Wednesday, August 07, 2013
This morning, President Obama canceled his Moscow one-on-one with Russian President Vladimir Putin amid U.S. anger over Russia's asylum of NSA leaker Edward Snowden. David J. Kramer, president of the human-rights organization Freedom House, talks about the state of U.S.-Russia relations in light, post-Snowden, and the ongoing tension over the treatment of gays in that country.
Friday, December 07, 2012
Daniel Franklin, editor of The World in 2013, The Economist’s annual publication focused on the trends, issues and ideas that will shape the year ahead, discusses the most pressing issues of 2013, the major predictions for the year ahead, which well-known individuals are making them, how this year’s global election results affect the rest of the world.
Monday, July 16, 2012
Two months ago, Chinese civil rights activist and law student Chen Guangcheng escaped house arrest and found refuge at the American embassy in Beijing. Shortly thereafter, he and his family were granted visas to travel to New York. The focus on Chen and the Chinese government continues, leaving the country in a vulnerable position to many unanswered questions.
Thursday, March 01, 2012
As Syrian forces loyal to President Bashar al-Assad continue to bomb opposition strongholds, the international community considers its options. On Tuesday, Secretary of State Hillary Clinton testified before Congress against President Assad making an argument that Assad would "fit into that category" of "war criminals." A meeting at the United Nations Human Rights Council in Geneva on Wednesday also signaled renewed diplomatic efforts in Syria, but exactly how the international community might intervene remains to be seen.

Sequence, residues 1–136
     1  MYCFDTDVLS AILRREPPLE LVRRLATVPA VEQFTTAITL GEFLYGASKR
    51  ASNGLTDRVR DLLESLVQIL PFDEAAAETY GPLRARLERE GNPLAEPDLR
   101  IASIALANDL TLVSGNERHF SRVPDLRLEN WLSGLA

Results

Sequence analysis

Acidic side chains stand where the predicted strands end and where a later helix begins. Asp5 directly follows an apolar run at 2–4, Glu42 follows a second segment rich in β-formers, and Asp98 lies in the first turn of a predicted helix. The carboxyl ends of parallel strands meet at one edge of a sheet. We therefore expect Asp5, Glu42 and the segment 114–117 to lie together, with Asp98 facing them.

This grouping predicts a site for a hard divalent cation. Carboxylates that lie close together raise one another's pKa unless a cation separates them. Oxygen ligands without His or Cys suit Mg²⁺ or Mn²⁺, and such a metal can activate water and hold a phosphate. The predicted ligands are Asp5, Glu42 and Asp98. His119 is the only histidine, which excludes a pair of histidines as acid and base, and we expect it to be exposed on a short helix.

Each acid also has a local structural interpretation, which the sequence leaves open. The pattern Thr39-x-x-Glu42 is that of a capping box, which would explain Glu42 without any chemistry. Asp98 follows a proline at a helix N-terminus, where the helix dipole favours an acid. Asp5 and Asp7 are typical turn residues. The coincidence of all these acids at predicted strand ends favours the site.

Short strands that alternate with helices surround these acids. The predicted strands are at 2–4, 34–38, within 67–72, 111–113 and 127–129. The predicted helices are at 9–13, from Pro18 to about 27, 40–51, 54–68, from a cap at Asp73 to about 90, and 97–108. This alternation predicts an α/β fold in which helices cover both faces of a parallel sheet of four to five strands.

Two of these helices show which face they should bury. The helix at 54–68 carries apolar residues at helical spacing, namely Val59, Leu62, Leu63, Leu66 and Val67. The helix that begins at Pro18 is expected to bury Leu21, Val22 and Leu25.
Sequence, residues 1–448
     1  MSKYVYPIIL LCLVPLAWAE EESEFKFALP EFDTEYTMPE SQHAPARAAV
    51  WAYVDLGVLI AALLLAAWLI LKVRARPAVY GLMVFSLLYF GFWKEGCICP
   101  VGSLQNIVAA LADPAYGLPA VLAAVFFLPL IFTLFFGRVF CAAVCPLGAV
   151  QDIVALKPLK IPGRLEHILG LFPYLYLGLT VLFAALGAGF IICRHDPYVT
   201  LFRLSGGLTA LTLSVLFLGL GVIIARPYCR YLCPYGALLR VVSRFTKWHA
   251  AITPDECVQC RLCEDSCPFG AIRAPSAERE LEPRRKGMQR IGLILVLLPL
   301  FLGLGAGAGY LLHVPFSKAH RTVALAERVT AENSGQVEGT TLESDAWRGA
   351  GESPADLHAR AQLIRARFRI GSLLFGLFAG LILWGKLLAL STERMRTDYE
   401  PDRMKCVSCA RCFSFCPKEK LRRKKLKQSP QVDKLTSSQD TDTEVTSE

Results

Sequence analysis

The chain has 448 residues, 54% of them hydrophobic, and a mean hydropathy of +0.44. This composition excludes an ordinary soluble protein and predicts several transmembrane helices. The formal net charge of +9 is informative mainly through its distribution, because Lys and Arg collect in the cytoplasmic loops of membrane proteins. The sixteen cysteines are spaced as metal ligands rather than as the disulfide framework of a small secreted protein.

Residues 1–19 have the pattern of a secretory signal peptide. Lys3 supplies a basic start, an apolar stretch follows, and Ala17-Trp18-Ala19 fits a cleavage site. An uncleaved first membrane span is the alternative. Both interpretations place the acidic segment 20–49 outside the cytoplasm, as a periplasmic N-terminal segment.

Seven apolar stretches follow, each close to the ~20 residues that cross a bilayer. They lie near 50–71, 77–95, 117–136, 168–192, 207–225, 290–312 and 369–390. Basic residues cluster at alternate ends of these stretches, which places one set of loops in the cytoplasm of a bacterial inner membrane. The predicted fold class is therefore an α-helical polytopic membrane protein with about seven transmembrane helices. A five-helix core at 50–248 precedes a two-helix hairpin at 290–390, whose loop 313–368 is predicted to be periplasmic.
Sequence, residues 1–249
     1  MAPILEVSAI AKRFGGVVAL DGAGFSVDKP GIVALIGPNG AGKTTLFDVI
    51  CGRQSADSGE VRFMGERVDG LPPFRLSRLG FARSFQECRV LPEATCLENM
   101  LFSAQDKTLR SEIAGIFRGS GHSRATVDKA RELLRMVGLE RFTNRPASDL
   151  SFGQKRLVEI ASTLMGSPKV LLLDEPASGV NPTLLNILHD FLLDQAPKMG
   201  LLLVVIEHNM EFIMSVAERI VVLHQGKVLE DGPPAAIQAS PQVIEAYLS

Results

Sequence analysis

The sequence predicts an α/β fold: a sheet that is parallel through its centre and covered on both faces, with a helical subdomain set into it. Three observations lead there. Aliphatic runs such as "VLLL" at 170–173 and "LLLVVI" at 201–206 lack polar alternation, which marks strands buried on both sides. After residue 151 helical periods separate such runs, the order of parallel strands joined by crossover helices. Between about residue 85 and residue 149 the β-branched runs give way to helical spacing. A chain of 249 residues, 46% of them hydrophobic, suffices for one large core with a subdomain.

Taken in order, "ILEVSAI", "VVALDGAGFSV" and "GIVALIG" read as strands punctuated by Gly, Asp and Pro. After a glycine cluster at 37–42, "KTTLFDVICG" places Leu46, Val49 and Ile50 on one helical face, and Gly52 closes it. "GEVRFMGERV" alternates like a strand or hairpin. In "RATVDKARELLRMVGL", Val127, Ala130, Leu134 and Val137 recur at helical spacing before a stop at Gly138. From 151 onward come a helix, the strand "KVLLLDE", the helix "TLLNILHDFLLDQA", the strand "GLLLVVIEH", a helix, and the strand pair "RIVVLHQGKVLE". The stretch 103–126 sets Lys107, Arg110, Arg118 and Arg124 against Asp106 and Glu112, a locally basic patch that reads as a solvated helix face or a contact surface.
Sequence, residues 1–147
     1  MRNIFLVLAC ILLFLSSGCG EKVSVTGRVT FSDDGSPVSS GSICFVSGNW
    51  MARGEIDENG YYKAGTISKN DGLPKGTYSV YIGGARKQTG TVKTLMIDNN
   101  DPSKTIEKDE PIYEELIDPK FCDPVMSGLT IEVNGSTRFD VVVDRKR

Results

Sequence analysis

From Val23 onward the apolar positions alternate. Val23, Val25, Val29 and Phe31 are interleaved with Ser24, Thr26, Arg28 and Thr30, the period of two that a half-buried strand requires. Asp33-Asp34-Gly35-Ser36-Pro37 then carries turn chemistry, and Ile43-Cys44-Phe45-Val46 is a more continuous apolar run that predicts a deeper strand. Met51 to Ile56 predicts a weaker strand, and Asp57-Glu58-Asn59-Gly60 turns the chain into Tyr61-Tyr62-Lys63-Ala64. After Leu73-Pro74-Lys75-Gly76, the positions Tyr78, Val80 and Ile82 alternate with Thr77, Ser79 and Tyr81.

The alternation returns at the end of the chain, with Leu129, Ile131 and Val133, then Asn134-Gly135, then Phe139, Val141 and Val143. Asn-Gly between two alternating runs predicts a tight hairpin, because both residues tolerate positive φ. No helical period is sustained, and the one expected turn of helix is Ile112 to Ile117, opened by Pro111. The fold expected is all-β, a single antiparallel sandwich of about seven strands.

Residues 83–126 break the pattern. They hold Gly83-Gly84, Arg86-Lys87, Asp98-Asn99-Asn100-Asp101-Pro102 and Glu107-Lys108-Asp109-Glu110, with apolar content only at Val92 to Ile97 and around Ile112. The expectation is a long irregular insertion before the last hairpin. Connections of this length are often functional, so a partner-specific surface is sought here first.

Tuesday, November 01, 2011
Political scientist Alan Wolfe examines political evil and why, in an age of genocide, terrorism, ethnic cleansing, and torture, it threatens us in ways radically different from tsunamis and financial panics. In Political Evil he looks at where and why evil is used for political gain, and sheds light on the creation of policy and on a concrete path to a more just future.
Wednesday, August 31, 2011
It sounds like the script of a movie, but the story of how American Matthew VanDyke ended up in the hands of the Gadhafi regime is very real. VanDyke traveled to Libya to help friends living there just as the war broke out between the rebels and the loyalists. He was captured in Brega, hit over the head and awoke in a prison cell. He was placed in solitary confinement twice, for 85 and then 76 days, before essentially escaping on August 24.